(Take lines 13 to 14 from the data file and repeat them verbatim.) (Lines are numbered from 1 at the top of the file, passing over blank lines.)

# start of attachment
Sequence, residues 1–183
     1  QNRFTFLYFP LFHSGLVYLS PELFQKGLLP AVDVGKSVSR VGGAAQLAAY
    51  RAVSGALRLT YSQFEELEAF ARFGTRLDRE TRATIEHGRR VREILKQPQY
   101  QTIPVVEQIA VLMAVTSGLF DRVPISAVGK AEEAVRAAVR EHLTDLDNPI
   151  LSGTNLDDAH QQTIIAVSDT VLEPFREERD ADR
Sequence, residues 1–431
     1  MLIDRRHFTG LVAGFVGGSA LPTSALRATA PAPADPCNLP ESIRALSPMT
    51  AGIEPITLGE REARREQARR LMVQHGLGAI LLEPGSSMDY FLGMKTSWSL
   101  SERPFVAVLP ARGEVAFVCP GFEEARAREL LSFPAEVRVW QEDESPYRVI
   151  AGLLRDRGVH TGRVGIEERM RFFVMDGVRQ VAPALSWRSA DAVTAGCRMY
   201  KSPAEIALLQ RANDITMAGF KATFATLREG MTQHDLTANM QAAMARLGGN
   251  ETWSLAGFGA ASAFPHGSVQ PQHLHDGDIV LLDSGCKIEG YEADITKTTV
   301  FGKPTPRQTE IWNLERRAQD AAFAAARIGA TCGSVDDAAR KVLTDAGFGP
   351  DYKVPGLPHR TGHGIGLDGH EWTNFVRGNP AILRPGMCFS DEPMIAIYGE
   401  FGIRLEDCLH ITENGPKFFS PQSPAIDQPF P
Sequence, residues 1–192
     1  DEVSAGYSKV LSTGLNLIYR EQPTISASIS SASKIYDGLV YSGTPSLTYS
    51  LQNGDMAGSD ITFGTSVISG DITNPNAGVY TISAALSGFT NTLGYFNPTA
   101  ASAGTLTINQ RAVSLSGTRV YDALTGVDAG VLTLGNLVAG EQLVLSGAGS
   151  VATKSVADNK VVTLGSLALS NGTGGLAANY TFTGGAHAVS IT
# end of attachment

   301  FGKPTPRQTE IWNLERRAQD AAFAAARIGA TCGSVDDAAR KVLTDAGFGP
   351  DYKVPGLPHR TGHGIGLDGH EWTNFVRGNP AILRPGMCFS DEPMIAIYGE